Johns Hopkins SAIS expert available to discuss the global division of labor in renewable energy innovation

Renewable energy firms in China, Germany, and the United States have developed distinct and complementary innovative capabilities, according to a new paper by Jonas Nahm, Assistant Professor of Energy, Resources, and Environment at the Johns Hopkins University School of Advanced International Studies (SAIS).
Using wind and solar sectors as a window into assessing broader patterns of industrial specialization in emerging high-technology industries, Nahm finds that firms utilize both legacy institutions and engage in relational learning in global networks to develop distinct niches in emerging industries. Even in highly globalized industries, firms respond to industrial policy by incrementally building on existing industrial capabilities and rely on familiar domestic resources and institutions to engage a global division of labor.
Based on an original dataset of more than 200 firm-level interviews, Nahm suggests that the rise of global value chains has widened the space for national diversity in industrial specialization. Firms no longer have to establish the full range of skills to bring an idea from lab to market, but can specialize and collaborate with others.
Nahm’s findings illustrate the role of industrial legacies in shaping a firm’s position in global value chains. It also shows that firms are active agents in maintaining distinct industrial specializations and domestic institutions under conditions of globalization. He is available to further discuss:

  • What are the differences in innovation strategies across Chinese, German, and U.S. wind and solar sectors?
  • Are the U.S. and China locked in a clean energy race? What will happen if the U.S. federal government stops supporting renewable energy?
  • What is the division of labor in global renewable energy supply chains?
  • What is the relationship between manufacturing and innovation in global renewable energy sectors?
  • Why are trade barriers detrimental to wind and solar innovation?
  • How can U.S. firms compete with China’s wind and solar industries?
  • Why has Germany been able to maintain a large manufacturing workforce in wind and solar sectors, despite a high-wage, high-regulation environment?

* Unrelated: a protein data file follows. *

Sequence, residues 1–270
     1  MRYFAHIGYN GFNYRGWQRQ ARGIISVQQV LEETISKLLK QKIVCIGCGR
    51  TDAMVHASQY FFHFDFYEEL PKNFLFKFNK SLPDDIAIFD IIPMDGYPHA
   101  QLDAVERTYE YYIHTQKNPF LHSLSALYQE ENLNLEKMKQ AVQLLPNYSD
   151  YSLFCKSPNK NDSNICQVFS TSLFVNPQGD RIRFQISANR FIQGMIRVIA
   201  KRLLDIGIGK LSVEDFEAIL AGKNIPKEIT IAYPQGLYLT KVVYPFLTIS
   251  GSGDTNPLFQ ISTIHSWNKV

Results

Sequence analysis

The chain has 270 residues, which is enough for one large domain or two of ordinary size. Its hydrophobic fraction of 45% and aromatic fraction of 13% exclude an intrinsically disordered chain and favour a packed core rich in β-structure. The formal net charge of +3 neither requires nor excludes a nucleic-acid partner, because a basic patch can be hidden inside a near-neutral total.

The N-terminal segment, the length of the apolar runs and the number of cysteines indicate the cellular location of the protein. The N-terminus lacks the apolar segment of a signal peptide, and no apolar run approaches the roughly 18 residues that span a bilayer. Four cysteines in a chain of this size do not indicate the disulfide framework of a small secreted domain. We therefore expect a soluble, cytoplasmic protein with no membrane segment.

• How can smart government policy support innovation, jobs, and growth in wind and solar industries?

Nahm’s research focuses on the political economy of development and industrial upgrading in green industries, the politics of innovation, and the political economy of the energy sector. In addition to China – his primary focus for the exploration of these themes – his research draws on cases in Germany and the United States. Before joining Johns Hopkins SAIS, Nahm was a Postdoctoral Fellow for International and Public Affairs at the Watson Institute at Brown University. He completed a PhD in Political Science at Massachusetts Institute of Technology (MIT), holds an MA in Political Science and Asia-Pacific Studies from the University of Toronto, and graduated with a BA in Social and Political Sciences from the University of Cambridge.
Read more: Renewable futures and industrial legacies: Wind and solar sectors in China, Germany, and the United States
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About Johns Hopkins SAIS
A division of Johns Hopkins University, the School of Advanced International Studies (SAIS) is a global institution that offers students an international perspective on today's critical issues. For nearly 75 years, Johns Hopkins SAIS has produced great leaders, thinkers, and practitioners of international relations. Public leaders and private sector executives alike seek the counsel of the faculty, whose ideas and research inform and shape policy. Johns Hopkins SAIS offers a global perspective across three campus locations: Bologna, Italy; Nanjing, China; and Washington, D.C. The school’s interdisciplinary curriculum is strongly rooted in the study of international economics, international relations, and regional studies, preparing students to address multifaceted challenges in the world today.
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Tuesday, April 4, 2017